I step in something cold, slimy on the kitchen tile.
Gelatin-encased golden suns. Crushed shells.
Gwen is slumped in the corner, rage melted.
I grease up a pan, ignite the burner, scoop up the ruined eggs with a spatula, and toss them into the spitting oil.
Then help her stand.
Tim Boiteau writes and lives near Detroit with his wife and son.
You break the news in a sombre tone, voice barely a whisper. My guilty eyes fixate on your office floor. You blame government cuts and funding, anything but the truth: your wife found out.
I don’t tell you I’ve already found another job. I started looking the day we kissed.
Anna Sanderson writes about the world as she sees it (with the odd twist and turn). You can follow her story on Twitter at @annasanderson86.
Fibonacci was fascinated by spirals. Mathematical patterns in flower petals, repetitive details in seashells – Nature’s inescapable, infinite cycles.
As I hear you arguing with your father, drink-fuelled tempers curdling love to spite, I wonder: are we all like this? Caught in eternal circles, passing around the point where we began.
Jo Withers writes micros, flash and poetry from her home in South Australia. She is also author of the children’s science-fiction adventure 5 Simple Steps to Saving Planet Earth.
“Do you see it?” asks my father, pointing up at the night sky. “The little one under the Big Dipper. That star appeared right after your mother died.”
I smell alcohol on his breath. This is not the time to discuss physics or astronomy.
“I see it,” I tell him.
G. Allen Wilbanks is a member of the Horror Writers Association (HWA) and has published over 60 short stories in Deep Magic, Daily Science Fiction, The Talisman, and other venues. He has published two short story collections and the novel When Darkness Comes. For more information, visit gallenwilbanks.com.
I’d like to have many hearts to offer you, like hand-made biscuits of several shapes and tastes.
I’d lie them down on the kitchen table, for you to choose one each morning.
Comes sun or rain, there will always be a leftover heart, misshapen, unwanted, neglected, to keep you alive.
Russell Hemmell is an alien from Mintaka snuggled into a (consenting) human host. His recent fiction has been published on Aurealis, The Grievous Angel, New Myths, and elsewhere. See more at earthianhivemind.net.
Mr. Burnett picks up his newspaper from his doorstep, scans the picket-fenced street, then retreats inside.
He’s a respectable, decent man, I remind myself.
His wife, Helena, hasn’t been seen for several months. Visiting her sister in Wyoming, apparently.
This is suburbia. We go about our day, no questions asked.
Mark Towers writes children’s books, short stories and poetry.
He plunged the knife into his chest, carved a circle through the muscle and bone, and withdrew his heart. He placed it in a box and neatly wrapped it.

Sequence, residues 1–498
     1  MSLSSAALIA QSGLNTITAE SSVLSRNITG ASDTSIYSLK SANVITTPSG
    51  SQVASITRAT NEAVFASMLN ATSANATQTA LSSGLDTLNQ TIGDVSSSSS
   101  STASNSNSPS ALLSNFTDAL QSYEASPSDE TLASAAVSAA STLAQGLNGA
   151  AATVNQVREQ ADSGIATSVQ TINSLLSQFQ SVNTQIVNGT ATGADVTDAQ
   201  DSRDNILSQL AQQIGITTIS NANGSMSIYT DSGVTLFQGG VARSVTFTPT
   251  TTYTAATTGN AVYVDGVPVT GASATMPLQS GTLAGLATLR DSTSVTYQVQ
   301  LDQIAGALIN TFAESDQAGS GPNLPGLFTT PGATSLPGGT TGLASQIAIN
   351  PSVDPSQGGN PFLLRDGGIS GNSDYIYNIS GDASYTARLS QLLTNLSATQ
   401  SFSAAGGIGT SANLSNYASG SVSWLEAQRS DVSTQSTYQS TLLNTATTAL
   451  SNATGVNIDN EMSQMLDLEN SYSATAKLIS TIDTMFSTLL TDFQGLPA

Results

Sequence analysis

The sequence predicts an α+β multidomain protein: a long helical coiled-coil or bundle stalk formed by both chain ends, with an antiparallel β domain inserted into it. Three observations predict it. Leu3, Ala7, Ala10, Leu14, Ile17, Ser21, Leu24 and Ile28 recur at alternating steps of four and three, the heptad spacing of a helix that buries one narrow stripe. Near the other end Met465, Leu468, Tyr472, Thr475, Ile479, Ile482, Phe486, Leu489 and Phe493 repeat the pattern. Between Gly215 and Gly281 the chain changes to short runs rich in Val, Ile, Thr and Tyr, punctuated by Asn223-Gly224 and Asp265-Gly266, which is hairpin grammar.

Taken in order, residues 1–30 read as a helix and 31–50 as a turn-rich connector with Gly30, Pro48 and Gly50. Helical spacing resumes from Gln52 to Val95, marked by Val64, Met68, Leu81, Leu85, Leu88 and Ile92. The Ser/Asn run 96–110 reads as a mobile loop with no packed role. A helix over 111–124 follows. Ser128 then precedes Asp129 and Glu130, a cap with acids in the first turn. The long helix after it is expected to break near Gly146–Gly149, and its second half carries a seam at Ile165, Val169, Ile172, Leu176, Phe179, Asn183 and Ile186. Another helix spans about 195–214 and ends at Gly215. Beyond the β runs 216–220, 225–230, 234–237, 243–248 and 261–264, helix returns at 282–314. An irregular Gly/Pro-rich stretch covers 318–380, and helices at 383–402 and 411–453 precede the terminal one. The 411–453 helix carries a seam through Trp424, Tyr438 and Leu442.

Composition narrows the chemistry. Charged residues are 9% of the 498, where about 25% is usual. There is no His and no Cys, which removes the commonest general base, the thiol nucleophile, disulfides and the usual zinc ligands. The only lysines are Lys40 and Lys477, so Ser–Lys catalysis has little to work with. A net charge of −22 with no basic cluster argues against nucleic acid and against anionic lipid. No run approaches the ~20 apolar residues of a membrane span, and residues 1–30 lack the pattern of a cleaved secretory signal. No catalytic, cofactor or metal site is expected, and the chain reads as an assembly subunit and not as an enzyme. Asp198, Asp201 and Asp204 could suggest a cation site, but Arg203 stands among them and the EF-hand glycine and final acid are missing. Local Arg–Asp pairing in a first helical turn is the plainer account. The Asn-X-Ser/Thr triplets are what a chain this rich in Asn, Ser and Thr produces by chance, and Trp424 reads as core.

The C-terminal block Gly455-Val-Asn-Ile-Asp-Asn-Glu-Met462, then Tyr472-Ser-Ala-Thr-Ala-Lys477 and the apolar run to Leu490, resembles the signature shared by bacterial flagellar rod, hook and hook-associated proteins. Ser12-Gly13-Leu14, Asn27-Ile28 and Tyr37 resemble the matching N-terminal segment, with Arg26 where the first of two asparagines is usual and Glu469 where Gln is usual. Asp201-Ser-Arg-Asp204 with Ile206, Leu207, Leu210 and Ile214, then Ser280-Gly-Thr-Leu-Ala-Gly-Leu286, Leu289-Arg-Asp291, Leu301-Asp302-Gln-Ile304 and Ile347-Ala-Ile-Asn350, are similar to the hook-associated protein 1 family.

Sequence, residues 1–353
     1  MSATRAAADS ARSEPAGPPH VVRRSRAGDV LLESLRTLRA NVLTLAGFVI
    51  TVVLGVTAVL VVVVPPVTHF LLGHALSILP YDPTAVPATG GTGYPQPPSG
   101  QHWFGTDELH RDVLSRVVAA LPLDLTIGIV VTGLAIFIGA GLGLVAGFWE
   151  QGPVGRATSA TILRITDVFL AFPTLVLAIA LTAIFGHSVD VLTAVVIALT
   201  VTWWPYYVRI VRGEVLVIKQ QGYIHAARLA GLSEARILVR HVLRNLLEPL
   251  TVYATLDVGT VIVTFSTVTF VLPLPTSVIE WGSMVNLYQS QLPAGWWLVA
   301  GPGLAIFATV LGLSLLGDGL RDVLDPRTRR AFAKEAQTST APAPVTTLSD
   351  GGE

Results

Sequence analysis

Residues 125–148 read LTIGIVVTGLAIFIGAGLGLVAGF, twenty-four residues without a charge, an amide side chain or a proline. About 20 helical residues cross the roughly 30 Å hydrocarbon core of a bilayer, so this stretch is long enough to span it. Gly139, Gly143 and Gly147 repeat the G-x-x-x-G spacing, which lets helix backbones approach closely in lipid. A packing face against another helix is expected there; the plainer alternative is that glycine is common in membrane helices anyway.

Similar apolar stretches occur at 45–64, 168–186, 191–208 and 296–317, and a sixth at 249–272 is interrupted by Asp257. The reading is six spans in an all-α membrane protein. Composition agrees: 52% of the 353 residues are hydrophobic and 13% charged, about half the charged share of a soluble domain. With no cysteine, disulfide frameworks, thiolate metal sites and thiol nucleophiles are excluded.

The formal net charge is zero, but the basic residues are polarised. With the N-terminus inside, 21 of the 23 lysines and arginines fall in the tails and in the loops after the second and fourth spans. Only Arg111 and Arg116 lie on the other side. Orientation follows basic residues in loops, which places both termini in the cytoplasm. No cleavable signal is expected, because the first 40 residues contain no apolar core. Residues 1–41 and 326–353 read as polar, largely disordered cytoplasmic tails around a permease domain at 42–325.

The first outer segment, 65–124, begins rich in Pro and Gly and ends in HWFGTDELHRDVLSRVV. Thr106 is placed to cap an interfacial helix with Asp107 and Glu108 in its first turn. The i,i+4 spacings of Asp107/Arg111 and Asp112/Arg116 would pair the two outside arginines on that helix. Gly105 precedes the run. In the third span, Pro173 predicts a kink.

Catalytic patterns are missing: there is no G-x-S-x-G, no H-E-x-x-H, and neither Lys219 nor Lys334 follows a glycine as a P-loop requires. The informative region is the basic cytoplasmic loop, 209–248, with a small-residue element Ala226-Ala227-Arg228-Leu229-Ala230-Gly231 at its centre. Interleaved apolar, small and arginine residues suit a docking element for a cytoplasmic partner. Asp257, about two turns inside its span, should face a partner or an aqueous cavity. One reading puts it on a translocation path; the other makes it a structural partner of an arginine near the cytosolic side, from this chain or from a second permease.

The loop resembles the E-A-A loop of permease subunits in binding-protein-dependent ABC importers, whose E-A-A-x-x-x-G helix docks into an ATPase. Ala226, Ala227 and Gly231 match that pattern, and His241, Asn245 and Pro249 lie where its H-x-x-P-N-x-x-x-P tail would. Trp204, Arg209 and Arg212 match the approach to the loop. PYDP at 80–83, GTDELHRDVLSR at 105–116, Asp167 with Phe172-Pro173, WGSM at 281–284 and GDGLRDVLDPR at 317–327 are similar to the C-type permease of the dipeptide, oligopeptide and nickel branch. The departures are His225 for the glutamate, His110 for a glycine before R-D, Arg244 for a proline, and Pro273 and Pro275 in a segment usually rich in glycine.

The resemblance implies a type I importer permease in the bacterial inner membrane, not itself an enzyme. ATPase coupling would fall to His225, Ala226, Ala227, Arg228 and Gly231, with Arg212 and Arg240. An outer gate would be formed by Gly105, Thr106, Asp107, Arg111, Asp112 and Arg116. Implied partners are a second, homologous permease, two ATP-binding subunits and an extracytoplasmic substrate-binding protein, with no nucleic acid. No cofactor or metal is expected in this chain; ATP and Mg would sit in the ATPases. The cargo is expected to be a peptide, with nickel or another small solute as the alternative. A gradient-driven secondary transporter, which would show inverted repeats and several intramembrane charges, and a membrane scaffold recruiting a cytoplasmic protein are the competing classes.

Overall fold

The day before she left, he presented her the gift, to carry with her to the other end of the world.
Francisco Tutella is a public relations specialist at Penn State University. His work has appeared in Fifty-Word Stories and Wilkes magazine. He holds an M.F.A. in Creative Writing from Wilkes University. Like him on Facebook.
“I need to see you,” he says, phone denting his cheek.
She swallows, hard. That “sucking on a penny” taste.
20 minutes later, he rings her doorbell.
“Your dad is dead,” he says, no warmup.
“Oh thank God. I was afraid you were going to tell me you’re leaving me.”
Anne Gudger is a Portland writer who has been lucky to have words in Real Simple Magazine, The Rumpus, Slippery Elm, and more. In November 2017 Anne won two contests: Hippocampus and New Millennium Writings. She lives with her sweet husband, and their grown kids and kid-in-laws live not far.
Lying on the sofa with reruns of Family Feud and Wheel of Fortune for her company, she waited for sleep to embalm her. She no longer dreamed of him. Those nightmares were now locked away in an unused master bedroom, behind a firmly closed door, under an ink-black midnight sky.
Arlene writes poetry, flash fiction and song lyrics. More of her work may be found @ I am not a silent Poet, Tuck Magazine, Little Rose Magazine, London Grip, The Open Mouse and Literary Heist.
They argued more and more. She said it was a temporary thing; he wasn’t so sure.
Pooh sticks off the bridge would determine their future.
From the other side of the bridge, only one stick appeared. She said they were now one; he said they needed to go separate ways.
Stuart is a retired teacher living in Christchurch New Zealand. He has never let Pooh sticks determine his life choices. Perhaps he should have.